I pray that strength would sprout up in you like a rose.
On Going Through Hell:
July 2018 was the first time I admitted myself into a psychiatric hospital due to severe suicidal thoughts and feeling like another person had taken over my body with a will completely different from my own. That person had willed to die. I hurriedly turned myself in to the therapist on call at UTSA exclaiming that I needed to be institutionalized and that I’d otherwise would be in danger of killing myself. I had been living alone for a little over a month by now because my roommates had moved out for the summer. My best friend and I had just parted ways because she could not handle all the heaviness that I depended on her to relieve me of, and my family had long disowned me. My last resort for coping was death I thought, but I also didn’t really want to die deep down. I asked myself these questions: What would happen if I die? Where would I go, and what would happen to the people I love? What’s it like to die? So I settled the matter by fessing up to the therapist at UTSA, my school at the time.
Little did I know that the Emergency Detention process entailed being searched like a criminal, handcuffed and tossed into the backseat of a cop car. This alone was enough to induce a panic attack, but of course I’d suppress my symptoms as best I could in hopes to prevent anyone from treating me any worse. The trouble didn’t end when I arrived to the psychiatric hospital. The environment was so strange and unsettling that although it was the most ideal place for me initially, processing the experience after discharge was a handful by itself. Overall, the environment was relatively nurturing, but being told what to do in an unfamiliar setting all hours of the day and being surrounded by humans who are suffering just as much as you are can leave different scars than those you walked in with. And of course, I experienced some temporary healing but didn’t see the point in staying on medication, especially given that I didn’t have insurance. Shortly after being discharged, I went online and met a handsome fella. We engaged in a bit of long distance romance for quite a little while, and showered each other in the most shallow and clingy love we could possibly provide. Pretty shallow and not exactly godly, but it was enough to drown out my grim reality. I’m still not exactly sure that hanging on to him for as long as I did was the best choice, because I can tell you assuredly that today in April 2019 I consider our breaking up to be traumatic and was the trigger that resulted in my two most recent hospitalizations.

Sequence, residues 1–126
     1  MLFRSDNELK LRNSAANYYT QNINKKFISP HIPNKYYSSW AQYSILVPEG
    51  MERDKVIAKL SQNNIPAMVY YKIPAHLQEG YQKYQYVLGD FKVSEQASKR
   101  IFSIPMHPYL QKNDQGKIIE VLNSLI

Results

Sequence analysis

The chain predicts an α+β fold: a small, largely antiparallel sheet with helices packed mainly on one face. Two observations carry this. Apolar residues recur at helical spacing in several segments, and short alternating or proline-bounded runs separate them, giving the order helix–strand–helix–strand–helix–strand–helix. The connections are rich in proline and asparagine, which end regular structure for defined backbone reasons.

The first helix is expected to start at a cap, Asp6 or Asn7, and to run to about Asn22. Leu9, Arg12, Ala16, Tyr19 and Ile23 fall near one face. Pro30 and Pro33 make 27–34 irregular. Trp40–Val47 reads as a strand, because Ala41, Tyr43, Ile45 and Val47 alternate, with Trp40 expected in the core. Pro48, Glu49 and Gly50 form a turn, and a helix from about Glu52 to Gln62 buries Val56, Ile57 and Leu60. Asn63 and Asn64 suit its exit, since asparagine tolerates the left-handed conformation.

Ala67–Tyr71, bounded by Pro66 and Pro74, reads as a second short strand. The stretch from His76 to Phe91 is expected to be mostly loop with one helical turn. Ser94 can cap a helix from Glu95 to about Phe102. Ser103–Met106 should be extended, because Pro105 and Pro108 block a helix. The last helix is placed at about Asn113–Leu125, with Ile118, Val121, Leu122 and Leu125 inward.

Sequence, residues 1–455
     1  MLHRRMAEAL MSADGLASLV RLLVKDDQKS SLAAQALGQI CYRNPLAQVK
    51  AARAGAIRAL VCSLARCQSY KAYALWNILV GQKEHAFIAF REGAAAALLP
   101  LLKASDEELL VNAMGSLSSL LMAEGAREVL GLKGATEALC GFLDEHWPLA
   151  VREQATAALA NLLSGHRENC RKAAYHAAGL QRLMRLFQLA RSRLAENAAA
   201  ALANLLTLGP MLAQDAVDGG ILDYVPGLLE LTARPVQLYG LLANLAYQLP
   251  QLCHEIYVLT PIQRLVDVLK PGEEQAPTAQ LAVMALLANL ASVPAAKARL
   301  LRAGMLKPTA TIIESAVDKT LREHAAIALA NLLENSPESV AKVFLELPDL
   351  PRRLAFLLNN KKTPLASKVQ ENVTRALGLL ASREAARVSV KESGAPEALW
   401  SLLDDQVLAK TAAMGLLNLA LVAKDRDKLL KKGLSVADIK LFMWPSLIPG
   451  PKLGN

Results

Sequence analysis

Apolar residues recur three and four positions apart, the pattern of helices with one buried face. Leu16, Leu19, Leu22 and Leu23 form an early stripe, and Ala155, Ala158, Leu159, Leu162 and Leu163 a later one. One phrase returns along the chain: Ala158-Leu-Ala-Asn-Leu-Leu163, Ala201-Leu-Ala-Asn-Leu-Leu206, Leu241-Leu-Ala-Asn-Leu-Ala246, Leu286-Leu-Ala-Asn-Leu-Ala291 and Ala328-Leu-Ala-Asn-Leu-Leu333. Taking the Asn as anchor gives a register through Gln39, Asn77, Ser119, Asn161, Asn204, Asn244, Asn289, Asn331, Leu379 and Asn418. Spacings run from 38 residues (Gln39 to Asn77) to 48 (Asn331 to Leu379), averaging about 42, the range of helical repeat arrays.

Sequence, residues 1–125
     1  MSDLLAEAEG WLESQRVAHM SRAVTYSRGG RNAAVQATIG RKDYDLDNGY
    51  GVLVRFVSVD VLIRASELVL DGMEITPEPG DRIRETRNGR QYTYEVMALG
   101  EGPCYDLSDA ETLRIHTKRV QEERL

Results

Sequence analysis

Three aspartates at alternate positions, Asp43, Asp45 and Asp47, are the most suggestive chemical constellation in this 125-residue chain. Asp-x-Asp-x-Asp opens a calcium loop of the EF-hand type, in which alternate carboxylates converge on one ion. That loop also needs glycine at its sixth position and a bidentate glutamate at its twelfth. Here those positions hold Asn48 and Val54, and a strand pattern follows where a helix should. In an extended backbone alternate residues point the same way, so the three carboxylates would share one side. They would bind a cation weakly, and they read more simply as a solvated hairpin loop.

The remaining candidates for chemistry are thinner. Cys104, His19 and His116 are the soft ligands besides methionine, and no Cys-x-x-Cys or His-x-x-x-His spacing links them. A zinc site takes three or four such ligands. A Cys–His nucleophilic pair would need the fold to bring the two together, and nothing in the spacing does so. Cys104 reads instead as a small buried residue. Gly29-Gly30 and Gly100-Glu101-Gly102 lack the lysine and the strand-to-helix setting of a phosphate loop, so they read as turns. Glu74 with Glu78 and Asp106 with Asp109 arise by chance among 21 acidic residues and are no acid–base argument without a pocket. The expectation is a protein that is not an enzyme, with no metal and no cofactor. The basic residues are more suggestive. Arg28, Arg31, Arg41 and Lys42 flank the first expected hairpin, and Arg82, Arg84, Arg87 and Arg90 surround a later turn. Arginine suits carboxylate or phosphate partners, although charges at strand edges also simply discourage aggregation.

In March 2019 I spent three days at Nix Specialty Health Center (a psychiatric hospital), where I was diagnosed with depression and prescribed 20mg of Prozac. Malachi (the guy I met online) had told me he only wanted to be friends, which I did not exactly take to heart but found myself mentally and emotionally unstable, because he had emotionally withdrawn. Eventually, I called the police explaining that I needed to be admitted due to thoughts of suicide and symptoms of a panic attack. Again I was arrested and transported to the Nix via a cop car. The Nix was an overall wonderful experience. Aside from the fact that the nurse technicians reeked of nicotine and various patients suffered such severe mood disorders that they’d occasionally bang on the windows at the nurses station, I’d say the visit served it’s ultimate purpose. It prevented me from committing suicide and I felt deep healing from the nurture of the therapists. The Prozac is still working today.
The trauma continues. Only two weeks later (about 4 days ago as I write this) the time came for me to genuinely take to heart Malachi’s declaration that his love for me was not romantic, and that it would never be. In April 2019 I called my best friend Nyomie and admitted to feeling suicidal. She calmly talked me through my feelings and encouraged me that things would soon improve in my life, to hang on, and that she cared for me. Things quickly spiraled out of control and before you know it I was hallucinating and forgetting my own name. It was she who made the tough decision to call campus PD and have me assessed. To sum things it was decided that I needed to be transported to the nearest ER. I refused to go with the police and as God’s sovereignty would have it, the paramedics walked me to the ambulance and drove me to Methodist Department of Psychiatry at Medical Center in San Antonio. On Sunday March 31st, I was diagnosed with Major Depressive Disorder, and Dissociative Disorder with symptoms of PTSD. I’m taking a lot of prescription meds. I know this sounds strange, but I have a lot of hope, hope that neither the psychiatrist, my best friends or anyone else in the world could give me. I know things will get better.